87. Memorandum From Secretary of State Rogers to President Nixon 1


  • FY 1972 Military Assistance Funds Shortfall

The Congress has severely reduced appropriations for FY 1972 grant military assistance and foreign military sales and, in so doing, has affected the credibility of both the program and the Nixon Doctrine. This Congressional action has compelled us to place budgetary and program constraints on most military assistance recipients, a number of which have received your personal assurances that the United States would do everything possible to bolster their self-defense capabilities. The principal countries affected are: (a) Turkey—reduced from $99.8 million to $60 million; and (b) the Republic of Korea—reduced from $239.4 million to $150 million. In addition, program levels for the Philippines, the Republic of China, and other countries have suffered significant reduction. Our allies will be seriously disturbed by these actions.

You have asked that we provide you by March 10 with information on the major issues that are likely to arise during the visit to Washington of Prime Minister Erim.2 We have clear indications that the Prime Minister is concerned principally with the proposed reduction of our grant military assistance to Turkey. A cut of 40 percent will likely be regarded by Erim as a weakening of United States support for Turkey’s role in NATO; it also threatens to erode support in Turkey for the opium ban. As you recall, in your statement of June 30, 1971, in praise of the Turkish announcement on opium,3 you included, at the request of Prime Minister Erim, a statement of continued United States support for Turkey’s defense efforts. Since Erim will probably raise the question of the level of U.S. military assistance, you will wish to be in a position to advise him of your intentions.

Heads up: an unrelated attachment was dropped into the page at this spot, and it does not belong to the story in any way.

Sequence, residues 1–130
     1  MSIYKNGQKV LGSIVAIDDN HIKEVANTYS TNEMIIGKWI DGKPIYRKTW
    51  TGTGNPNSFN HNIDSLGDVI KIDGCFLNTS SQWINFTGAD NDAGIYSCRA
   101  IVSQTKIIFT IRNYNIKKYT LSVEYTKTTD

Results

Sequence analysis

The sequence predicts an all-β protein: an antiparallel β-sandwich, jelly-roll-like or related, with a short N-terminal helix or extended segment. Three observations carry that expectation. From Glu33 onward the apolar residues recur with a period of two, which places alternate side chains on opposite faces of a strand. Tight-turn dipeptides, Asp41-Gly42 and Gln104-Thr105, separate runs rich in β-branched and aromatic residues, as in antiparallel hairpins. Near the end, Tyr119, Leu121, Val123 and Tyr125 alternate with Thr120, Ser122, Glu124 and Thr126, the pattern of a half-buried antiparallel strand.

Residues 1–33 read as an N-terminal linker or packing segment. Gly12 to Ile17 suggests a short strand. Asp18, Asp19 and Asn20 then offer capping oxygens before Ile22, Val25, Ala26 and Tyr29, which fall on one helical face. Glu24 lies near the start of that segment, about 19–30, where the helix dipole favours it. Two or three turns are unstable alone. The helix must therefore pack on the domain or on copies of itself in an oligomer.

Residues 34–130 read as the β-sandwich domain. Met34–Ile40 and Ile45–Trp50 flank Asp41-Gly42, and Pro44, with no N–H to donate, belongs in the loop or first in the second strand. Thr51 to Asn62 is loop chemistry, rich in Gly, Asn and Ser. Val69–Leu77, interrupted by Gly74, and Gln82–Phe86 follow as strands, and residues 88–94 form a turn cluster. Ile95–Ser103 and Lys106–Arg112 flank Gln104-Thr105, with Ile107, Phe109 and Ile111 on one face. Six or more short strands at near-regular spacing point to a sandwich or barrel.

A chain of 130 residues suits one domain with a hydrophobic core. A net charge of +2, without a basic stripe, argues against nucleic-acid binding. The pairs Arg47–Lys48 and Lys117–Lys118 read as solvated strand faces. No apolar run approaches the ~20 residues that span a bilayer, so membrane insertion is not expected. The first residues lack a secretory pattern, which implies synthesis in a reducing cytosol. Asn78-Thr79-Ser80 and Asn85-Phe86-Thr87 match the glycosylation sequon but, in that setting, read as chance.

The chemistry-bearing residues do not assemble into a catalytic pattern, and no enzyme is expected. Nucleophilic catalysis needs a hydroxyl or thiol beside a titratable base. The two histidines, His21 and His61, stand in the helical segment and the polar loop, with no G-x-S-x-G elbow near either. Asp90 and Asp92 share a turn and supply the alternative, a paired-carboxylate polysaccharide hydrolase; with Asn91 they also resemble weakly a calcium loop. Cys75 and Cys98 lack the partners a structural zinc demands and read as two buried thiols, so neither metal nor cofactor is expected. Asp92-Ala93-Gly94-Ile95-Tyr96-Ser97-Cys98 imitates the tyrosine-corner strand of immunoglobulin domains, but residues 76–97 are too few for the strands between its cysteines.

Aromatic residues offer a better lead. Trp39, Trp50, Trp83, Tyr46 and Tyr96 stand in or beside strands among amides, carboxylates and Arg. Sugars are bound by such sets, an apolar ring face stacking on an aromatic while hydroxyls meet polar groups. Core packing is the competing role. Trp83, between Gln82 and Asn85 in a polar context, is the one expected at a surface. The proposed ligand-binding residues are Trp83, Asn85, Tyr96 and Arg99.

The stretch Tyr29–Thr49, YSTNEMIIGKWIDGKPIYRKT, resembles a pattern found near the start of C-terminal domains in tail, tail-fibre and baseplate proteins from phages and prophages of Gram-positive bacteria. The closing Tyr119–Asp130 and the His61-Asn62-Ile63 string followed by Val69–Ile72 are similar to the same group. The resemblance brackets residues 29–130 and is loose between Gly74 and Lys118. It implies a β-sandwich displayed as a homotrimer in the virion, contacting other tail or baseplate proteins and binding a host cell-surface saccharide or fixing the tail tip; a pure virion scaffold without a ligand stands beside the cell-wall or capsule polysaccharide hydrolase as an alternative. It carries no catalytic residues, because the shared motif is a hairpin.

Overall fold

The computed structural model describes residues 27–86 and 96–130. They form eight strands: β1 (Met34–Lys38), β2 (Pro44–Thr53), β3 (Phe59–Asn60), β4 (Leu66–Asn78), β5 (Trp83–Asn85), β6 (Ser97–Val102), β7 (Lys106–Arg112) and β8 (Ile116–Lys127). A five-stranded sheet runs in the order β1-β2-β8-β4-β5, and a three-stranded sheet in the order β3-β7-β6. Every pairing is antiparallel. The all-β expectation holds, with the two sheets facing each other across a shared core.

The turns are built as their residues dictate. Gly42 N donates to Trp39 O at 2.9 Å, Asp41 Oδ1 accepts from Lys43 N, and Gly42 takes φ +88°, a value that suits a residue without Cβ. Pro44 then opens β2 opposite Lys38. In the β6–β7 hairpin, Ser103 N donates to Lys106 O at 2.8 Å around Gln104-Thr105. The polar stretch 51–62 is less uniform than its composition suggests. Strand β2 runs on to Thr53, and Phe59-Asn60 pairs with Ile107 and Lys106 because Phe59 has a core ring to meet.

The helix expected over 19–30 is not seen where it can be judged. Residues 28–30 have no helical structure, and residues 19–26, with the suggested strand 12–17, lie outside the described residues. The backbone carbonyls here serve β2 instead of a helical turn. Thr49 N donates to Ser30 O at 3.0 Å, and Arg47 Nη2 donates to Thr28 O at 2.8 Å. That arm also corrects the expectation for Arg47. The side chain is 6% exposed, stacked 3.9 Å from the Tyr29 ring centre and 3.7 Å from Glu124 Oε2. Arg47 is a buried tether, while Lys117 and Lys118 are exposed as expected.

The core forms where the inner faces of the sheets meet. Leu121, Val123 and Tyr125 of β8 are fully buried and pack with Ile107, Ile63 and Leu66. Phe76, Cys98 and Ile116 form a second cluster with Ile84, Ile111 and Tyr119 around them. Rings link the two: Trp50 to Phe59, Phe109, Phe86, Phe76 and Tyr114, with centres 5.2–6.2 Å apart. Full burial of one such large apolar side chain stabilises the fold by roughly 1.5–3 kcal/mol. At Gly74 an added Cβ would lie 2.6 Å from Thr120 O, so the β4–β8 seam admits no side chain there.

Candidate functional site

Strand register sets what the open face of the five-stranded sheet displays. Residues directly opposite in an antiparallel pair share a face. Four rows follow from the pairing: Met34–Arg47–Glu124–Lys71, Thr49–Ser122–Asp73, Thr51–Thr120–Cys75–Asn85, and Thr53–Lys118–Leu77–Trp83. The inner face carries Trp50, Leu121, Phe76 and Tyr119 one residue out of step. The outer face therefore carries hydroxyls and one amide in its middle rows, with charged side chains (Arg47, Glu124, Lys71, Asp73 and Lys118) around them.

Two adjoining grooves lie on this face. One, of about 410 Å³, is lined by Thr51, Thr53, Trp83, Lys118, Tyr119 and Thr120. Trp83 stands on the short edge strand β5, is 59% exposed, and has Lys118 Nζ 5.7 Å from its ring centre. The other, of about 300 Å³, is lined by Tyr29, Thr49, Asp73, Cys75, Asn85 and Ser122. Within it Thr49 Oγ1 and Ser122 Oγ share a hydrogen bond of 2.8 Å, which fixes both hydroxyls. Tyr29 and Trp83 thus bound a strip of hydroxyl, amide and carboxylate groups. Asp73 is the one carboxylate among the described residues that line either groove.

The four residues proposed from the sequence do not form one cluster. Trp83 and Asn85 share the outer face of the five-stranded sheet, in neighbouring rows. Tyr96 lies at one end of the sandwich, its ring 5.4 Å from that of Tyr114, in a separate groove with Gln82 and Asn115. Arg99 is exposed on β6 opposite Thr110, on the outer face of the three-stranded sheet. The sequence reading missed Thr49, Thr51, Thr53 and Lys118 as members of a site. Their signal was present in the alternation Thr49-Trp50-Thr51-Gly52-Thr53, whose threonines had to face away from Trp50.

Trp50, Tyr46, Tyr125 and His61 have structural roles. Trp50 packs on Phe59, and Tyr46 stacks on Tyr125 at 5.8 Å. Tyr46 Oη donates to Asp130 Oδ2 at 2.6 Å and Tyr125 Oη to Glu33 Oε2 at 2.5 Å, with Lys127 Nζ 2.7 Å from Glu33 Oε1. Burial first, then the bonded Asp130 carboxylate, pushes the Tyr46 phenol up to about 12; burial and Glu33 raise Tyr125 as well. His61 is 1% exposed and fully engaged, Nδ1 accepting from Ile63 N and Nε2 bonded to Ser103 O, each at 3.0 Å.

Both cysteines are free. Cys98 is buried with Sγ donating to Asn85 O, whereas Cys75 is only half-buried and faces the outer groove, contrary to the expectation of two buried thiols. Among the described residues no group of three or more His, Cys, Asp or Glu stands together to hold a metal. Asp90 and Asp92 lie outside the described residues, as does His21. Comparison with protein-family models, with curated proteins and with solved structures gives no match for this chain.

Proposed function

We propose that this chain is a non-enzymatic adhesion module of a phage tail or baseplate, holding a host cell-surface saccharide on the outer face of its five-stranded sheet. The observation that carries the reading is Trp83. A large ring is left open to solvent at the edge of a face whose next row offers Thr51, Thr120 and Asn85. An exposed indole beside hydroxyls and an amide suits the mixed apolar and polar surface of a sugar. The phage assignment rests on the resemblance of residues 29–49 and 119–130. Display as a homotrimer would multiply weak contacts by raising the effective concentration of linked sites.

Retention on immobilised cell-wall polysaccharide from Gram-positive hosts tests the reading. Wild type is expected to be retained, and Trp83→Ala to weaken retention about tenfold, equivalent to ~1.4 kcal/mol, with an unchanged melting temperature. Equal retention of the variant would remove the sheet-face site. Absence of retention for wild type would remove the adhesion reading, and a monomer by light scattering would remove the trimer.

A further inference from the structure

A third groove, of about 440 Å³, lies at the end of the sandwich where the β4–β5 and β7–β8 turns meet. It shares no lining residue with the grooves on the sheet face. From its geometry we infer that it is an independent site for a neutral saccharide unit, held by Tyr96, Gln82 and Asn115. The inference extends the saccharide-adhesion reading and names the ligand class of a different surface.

[Page 212]

The proposed allocation for Korea falls $90 million short of the amount requested from the Congress, and is commensurate with funding levels prior to our agreement to support a five-year modernization program for Korea’s armed forces. Coming at the time of your China initiative and United States force reductions in this region, this reduction has been greeted with deep disappointment and concern by the Government of President Park, and only a restoration of the funding levels will serve to allay the uncertainties in Seoul. Our efforts in behalf of the Republic of Korea also could influence its future posture on the stationing of Korean forces in Vietnam.

To meet the situation that has resulted from Congressional action, we have four courses of action available to us. They are:

FY 1972 Supplemental: The Department of Defense feels that this would be the most appropriate and direct means for dramatizing our needs. Defense would seek an across the board restoration, which would involve a request for approximately $200 million in additional funding for grant aid and $75 million for credit sales. Since this would involve both the Congressional authorization and appropriation committees, the Department of State feels that this approach would seriously prejudice our efforts to expedite Congressional action on the FY 1973 security assistance request and could provoke Congress to introduce crippling amendments.